The words for ‘mother’ in Arabic are “Umm” (أم) and “Waleda” (والدة) However, in the Arabic language, a word may have many synonyms. But, no two are exactly the same. Each word has its uniqueness. A good example for this is ‘mother’ in Arabic.
‘Mother in the Quran’
The concept of motherhood in the Quran is sometimes expressed by the word “Umm” (أم) which is the most common. At other times it uses the word “waleda” (والدة) which literally means the woman who gives birth.
Differences between ‘Umm’ and ‘Waleda’
The term ‘Umm’ is more comprehensive and it also contains the meaning of the word “Waleda”, because in Arabic the stronger term includes the meanings of the weaker terms.
The Qur’an uses the word “mother” to show the good and holy origin of something. For, example,Mecca is the “mother” of all the villages
“And this is a Book which We have sent down, blessed and confirming what was before it, that you may warn the Mother of Cities and those around it. Those who believe in the Hereafter believe in it, and they are maintaining their prayers.” (Quran, Al-An’am:92)
As you can see the Arabs apply the word ”Umm” broadly based on this concept.
As for the word ‘Waleda’, it is used specifically for the woman who gives birth to you. To understand this further, we can look to the Quran for several examples where the word ‘Umm’ goes much further than the states of pregnancy, childbirth, and breastfeeding. It represents a special relationship. The Holy Quran mentions that the wives of the Prophet (peace and blessings of Allah be upon him) are the mothers of the believers.
“The Prophet is more worthy of the believers than themselves, and his wives are [in the position of] their mothers.” (Al Ahzab 6)
The Mother in Arab Culture:
Motherhood was seen as something sacred even before the advent of Islam.
The Story of Amr ibn Kulthum and his mother:
We can see how great a position the mother held in the Arab society, in the story of Amr ibn Kulthum with his mother, immortalised in his poetry.
Amr ibn Hind, the king of Al-Hira, said to his companions: “Do you know any of theArabs who refuses his mother to serve my mother? They said, ‘Yes, Amr ibn Kalthoum!’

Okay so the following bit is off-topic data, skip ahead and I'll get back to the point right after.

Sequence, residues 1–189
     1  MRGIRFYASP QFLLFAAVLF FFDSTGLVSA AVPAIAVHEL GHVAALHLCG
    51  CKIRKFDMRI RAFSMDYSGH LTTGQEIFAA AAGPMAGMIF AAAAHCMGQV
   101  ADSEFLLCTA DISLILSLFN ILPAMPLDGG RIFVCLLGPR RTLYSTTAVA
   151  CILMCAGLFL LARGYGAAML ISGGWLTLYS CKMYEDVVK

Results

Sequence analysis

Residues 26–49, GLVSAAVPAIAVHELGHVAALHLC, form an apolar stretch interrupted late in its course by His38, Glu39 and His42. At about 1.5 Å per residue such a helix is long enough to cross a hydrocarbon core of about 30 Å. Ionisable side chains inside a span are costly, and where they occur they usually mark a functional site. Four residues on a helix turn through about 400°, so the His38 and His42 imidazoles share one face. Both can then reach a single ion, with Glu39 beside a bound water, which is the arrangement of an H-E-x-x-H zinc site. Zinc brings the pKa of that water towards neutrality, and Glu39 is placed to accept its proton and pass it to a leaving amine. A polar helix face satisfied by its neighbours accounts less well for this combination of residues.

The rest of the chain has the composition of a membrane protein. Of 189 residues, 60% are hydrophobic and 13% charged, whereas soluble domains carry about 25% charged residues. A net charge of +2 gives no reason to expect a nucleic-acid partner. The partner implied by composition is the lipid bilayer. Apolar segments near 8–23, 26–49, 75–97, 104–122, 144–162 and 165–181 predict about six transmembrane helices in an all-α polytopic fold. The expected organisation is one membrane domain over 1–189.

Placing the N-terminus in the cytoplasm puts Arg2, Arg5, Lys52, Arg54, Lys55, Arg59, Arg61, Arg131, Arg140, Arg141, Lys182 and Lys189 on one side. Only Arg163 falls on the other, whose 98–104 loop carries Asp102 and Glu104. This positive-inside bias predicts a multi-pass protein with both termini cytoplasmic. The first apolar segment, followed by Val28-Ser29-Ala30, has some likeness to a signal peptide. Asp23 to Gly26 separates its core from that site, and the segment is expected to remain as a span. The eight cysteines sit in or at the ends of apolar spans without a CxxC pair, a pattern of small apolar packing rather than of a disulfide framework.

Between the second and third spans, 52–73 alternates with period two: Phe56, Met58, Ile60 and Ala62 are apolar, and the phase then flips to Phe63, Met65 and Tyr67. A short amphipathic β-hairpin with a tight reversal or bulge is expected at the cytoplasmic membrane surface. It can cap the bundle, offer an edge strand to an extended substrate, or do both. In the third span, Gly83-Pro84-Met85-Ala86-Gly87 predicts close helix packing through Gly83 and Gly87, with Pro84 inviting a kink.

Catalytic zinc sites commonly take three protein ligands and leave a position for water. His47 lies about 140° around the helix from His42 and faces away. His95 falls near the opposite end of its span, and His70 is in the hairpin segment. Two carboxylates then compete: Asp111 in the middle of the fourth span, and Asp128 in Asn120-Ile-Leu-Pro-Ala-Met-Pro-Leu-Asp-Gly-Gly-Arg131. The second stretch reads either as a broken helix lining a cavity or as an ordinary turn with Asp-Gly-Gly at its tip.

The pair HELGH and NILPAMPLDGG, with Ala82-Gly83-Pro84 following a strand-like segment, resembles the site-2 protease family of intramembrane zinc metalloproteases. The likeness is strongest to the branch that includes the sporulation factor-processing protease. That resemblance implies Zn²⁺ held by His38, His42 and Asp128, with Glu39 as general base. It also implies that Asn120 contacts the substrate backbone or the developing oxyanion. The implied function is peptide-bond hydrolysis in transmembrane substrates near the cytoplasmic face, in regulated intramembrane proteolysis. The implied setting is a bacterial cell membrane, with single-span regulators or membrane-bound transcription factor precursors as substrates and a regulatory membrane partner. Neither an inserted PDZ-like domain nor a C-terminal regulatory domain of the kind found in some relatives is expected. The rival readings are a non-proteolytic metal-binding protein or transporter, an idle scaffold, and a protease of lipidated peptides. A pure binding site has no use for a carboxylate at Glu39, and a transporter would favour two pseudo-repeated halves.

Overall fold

So Amr ibn Hind sent word to Amr ibn Kulthum and asked him to visit him and his mother. So Amr ibn kulthum came with his mother, Layla. When Amr entered the King’s dwelling, the king had recommended that his mother dismiss all the servants. When the two mothers were together, the king’s mother said, ‘O Laila give me that dish!’ Laila became so angry and she shouted, ‘O Humiliation, O humiliation!’ and complained that she was not her servant for her to command her.
Her son had heard her. He shouted, ‘No humiliation after today!’. Then he grabbed a sword hanging in the hallway and struck at the head of the king, while reciting his famous lines of poetry:
وَأَنْظِـرْنَا نُخَبِّـرْكَ اليَقِيْنَــا
أَبَا هِنْـدٍ فَلاَ تَعْجَـلْ عَلَيْنَـا
وَنُصْـدِرُهُنَّ حُمْراً قَدْ رُوِيْنَـا
بِأَنَّا نُـوْرِدُ الـرَّايَاتِ بِيْضـاً
عَصَيْنَـا المَلِكَ فِيهَا أَنْ نَدِيْنَـا
وَأَيَّـامٍ لَنَـا غُـرٍّ طِــوَالٍ
O Abu Hind, do not hasten upon us***Wait for us, and we shall inform you with certainty
That surely, we enter the battle with white flags***But we emerge with them reddened by drinking (blood)
And the days are ours, recently and long ago***When we rebelled against the king, unwilling to be submissive
The Mother in Islam
Amongst the clearest examples of Islam’s honouring women is the great status of the mother in Islam. Islam commands kindness, respect and obedience to parents.
“A man once asked the Prophet to whom he should show the most kindness. The Prophet replied: “Your mother, next your mother, next your mother, and then your father.” (Sunan of Abu-Dawood)